Canadian volunteer in Ukraine roots for the Calgary Flames

It means staying up until 4:30 a.m., but Steve Rock is cheering for the Calgary Flames from Ukraine. 

Rock, 34, was travelling in Europe when Russia invaded Ukraine. He wanted to find a way to be useful, so after several difficult conversations with family and friends, he decided to become a volunteer with organizations working in the war-torn country, including Calgary-founded Helping Ukraine Grassroots Support (HUGS), which provides aid to the country. 

Steve Rock, 34, is a volunteer in Ukraine. He wears his Flames jersey to lift his spirits as he follows the team’s playoff progress from afar. (Supplied by HUGS)

Rock now distributes essential food and medical supplies in Lviv, Bakhmut and Kyiv — all while wearing a red-and-black Flames jersey. Originally from Ottawa, he says his support for Calgary’s hockey team is “complicated.” 

“We all know that the Senators aren’t in it this year, and there’s no way I’m cheering for the Leafs,” he said.

“The Battle of Alberta is a huge thing. It’s a big thing for the people of Alberta,” he said, adding that if he’s going to be staying up late listening to hockey games, he wants to be wearing the team’s colours. 

Calgary takes on the Edmonton Oilers in Game 2 of the playoff series on Friday.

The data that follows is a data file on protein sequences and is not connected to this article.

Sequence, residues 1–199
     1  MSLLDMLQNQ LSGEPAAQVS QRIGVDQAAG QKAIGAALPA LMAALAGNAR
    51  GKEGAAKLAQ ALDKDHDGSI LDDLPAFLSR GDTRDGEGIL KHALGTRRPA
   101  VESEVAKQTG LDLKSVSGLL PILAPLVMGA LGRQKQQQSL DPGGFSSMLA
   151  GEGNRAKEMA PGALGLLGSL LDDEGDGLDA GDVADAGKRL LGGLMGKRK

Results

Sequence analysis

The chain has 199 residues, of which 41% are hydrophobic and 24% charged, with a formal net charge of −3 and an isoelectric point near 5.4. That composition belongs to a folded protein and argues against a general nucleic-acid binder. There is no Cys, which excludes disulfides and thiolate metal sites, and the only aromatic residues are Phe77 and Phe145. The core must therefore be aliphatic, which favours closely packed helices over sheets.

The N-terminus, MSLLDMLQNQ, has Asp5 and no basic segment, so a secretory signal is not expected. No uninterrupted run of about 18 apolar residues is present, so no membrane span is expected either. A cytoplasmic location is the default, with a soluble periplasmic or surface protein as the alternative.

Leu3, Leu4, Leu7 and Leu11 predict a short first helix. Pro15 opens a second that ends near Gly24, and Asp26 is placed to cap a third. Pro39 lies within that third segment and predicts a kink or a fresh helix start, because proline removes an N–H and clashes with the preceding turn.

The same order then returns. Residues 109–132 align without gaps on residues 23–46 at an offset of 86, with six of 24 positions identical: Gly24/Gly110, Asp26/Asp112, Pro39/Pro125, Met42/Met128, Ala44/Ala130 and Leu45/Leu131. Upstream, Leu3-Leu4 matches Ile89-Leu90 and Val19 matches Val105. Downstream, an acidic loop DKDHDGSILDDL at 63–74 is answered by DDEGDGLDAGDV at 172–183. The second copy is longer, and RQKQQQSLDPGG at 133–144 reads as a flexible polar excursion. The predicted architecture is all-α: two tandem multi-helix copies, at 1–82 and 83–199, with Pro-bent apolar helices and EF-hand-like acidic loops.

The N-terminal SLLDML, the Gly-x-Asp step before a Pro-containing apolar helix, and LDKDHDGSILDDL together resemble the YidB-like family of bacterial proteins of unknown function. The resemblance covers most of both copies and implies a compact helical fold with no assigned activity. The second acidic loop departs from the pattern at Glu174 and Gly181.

A Calgary Flames jersey and a helmet on the seat of a van in Kyiv, Ukraine. (Submitted by Steve Rock)

While nothing about watching the playoffs is normal for Rock — he wears ceramic plates for protection under his jersey, and he frequently wakes up to the sound of shelling and attacks around him — he says tuning in to the NHL playoffs and wearing the jersey gives him something to lift his spirits, and a sense of normalcy. 

“Even though there’s a lot of chaos and a lot of crazy stuff going on here, being able to in this day and age listen to at least a game and cheer for a home team is something pretty special,” Rock said. 

“The point is that the jersey brings some smiles, because it lets people forget that you’re wearing armour underneath it.” 

Rock says it’s important that Canadians remember the conflict is still ongoing. 

Steve Rock loads supplies while volunteering in Ukraine. (Submitted by Steve Rock)

Russia invaded Ukraine on Feb. 24 in the biggest attack on a European country since the Second World War, causing millions of people to flee their homes. Since then, some cities have been largely reduced to rubble, and thousands of civilians have died. 

“There’s a lot of important things happening here and there’s a lot of need that’s here. And if everybody can do what they can to support Ukraine — Ukrainians and all the work that’s being done here — that’s really the best thing.”

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